3 3 3 4 4 5 6 6 6 6 6 7 7 8 8 8 8 8 9 9 9 9 9 10 10 10 10 10 11 11 11 11 12 12 12


– General anti-avoidance rules (“GAAR”) – Interest levy on tax adjustments • CIT filing and payment – Tax period – Consolidated tax filing – Tax filing

12 13 13 13 13 13

Individuals • • • •

Individual income tax Individual income tax rates for employment Employment income Income other than employment income – Privately owned businesses; sole proprietorship enterprises; business on a contract or lease basis – Author’s remuneration – Income from labour services – Income from interest, dividend, transfer of property, royalty income, rental income and other income – Allowable deductions • Tax filing and payment • Annual IIT self reporting requirement

14 14 15 15 15 15 16 16 16 16 16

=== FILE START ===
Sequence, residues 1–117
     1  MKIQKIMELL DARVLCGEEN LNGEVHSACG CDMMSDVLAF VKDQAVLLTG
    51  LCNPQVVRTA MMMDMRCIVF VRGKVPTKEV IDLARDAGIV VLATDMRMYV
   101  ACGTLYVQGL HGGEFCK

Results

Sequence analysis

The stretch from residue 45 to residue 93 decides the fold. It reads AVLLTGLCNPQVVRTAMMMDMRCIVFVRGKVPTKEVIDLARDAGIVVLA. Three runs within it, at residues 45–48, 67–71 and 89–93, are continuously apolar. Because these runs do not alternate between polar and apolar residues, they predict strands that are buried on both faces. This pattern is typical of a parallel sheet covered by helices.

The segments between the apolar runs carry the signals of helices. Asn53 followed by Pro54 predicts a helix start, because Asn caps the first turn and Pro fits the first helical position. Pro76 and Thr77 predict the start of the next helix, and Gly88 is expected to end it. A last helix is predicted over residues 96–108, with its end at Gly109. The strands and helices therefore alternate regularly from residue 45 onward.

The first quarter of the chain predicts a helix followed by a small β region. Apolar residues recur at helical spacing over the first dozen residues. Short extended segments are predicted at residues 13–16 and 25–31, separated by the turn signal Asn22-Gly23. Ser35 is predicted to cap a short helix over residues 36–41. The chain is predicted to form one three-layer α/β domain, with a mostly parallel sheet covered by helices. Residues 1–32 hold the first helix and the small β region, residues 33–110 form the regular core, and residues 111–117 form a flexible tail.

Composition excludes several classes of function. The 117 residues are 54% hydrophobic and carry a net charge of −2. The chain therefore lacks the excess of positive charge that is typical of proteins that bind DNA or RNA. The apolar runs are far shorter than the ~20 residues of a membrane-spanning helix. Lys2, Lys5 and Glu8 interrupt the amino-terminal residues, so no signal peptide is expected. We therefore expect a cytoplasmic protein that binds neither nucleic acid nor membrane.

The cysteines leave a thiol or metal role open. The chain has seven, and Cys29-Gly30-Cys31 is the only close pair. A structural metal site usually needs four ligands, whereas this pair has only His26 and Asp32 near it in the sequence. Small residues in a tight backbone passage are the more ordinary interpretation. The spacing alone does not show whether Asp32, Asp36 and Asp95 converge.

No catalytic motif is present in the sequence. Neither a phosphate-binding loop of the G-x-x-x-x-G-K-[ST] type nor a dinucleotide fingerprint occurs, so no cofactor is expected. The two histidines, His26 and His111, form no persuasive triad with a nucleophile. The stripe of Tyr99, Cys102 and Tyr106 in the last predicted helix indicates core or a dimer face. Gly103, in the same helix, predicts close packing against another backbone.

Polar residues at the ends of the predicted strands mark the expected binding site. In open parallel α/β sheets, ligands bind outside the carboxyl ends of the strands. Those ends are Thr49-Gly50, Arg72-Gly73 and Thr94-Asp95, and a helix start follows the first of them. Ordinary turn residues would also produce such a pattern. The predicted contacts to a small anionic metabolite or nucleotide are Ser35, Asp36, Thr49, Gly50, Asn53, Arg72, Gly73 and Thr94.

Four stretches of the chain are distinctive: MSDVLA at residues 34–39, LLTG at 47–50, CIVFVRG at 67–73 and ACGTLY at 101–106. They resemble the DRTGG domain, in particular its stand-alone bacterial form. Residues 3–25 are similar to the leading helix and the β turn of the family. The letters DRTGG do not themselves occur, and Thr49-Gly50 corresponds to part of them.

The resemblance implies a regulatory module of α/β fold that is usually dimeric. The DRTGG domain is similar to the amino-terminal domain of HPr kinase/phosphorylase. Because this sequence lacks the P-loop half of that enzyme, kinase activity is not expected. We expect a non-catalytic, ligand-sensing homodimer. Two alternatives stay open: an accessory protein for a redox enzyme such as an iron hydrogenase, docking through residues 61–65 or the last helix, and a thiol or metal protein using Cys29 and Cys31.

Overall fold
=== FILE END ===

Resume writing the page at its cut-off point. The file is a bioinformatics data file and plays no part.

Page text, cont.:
Other taxes • • • • • • • • • • • • • • • • • •

Value added tax (“VAT”) Business tax Consumption tax Urban construction and maintenance tax Educational surcharge Local educational surcharge Land appreciation tax (“LAT”) Customs duties Stamp tax Real estate tax Motor vehicle acquisition tax Deed tax Vehicle and vessel tax Vessel tonnage tax Urban and township land-use tax Arable land occupation tax Resource tax Tobacco tax

Tax treaties/arrangements Foreign exchange administration Our services and solutions in China PwC leaders PwC contacts

17 18 18 18 18 19 19 20 21 21 21 21 21 21 22 22 22 22 23 24 25 27 28


Overview An overview of PRC taxes The People’s Republic of China levies a wide range of taxes including income taxes (corporate income tax and individual income tax), turnover taxes (value added tax, business tax and consumption tax), taxes on real estates (land appreciation tax, real estate tax, arable land occupation tax, and urban and township land-use tax) and other taxes such as deed tax, stamp duty, custom duties, motor vehicle acquisition tax, vehicle and vessel tax, resource tax, urban construction and maintenance tax, vessel tonnage tax and tobacco tax. There is no capital gains tax as such in the PRC. Gains on the sale of fixed assets are taxable as ordinary income.